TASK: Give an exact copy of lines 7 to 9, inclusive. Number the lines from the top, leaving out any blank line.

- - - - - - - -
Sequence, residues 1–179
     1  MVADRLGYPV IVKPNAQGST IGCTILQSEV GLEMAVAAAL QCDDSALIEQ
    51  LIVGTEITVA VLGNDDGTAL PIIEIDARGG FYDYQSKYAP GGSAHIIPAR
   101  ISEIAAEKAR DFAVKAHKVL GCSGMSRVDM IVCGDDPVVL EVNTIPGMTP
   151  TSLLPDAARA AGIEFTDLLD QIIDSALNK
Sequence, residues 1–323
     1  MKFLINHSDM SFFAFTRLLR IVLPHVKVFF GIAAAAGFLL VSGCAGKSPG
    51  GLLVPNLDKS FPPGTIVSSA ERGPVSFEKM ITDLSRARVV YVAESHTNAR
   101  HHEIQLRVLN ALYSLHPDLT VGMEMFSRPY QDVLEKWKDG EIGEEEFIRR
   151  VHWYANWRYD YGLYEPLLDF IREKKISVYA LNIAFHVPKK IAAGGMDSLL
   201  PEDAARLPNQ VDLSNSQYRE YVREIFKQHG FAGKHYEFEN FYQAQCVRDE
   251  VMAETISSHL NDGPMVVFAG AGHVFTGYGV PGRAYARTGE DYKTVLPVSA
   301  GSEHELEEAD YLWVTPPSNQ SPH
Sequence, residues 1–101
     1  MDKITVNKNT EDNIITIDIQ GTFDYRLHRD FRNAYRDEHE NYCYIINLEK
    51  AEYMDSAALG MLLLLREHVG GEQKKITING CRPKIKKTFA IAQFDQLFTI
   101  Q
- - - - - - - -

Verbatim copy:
     1  MKFLINHSDM SFFAFTRLLR IVLPHVKVFF GIAAAAGFLL VSGCAGKSPG
    51  GLLVPNLDKS FPPGTIVSSA ERGPVSFEKM ITDLSRARVV YVAESHTNAR
   101  HHEIQLRVLN ALYSLHPDLT VGMEMFSRPY QDVLEKWKDG EIGEEEFIRR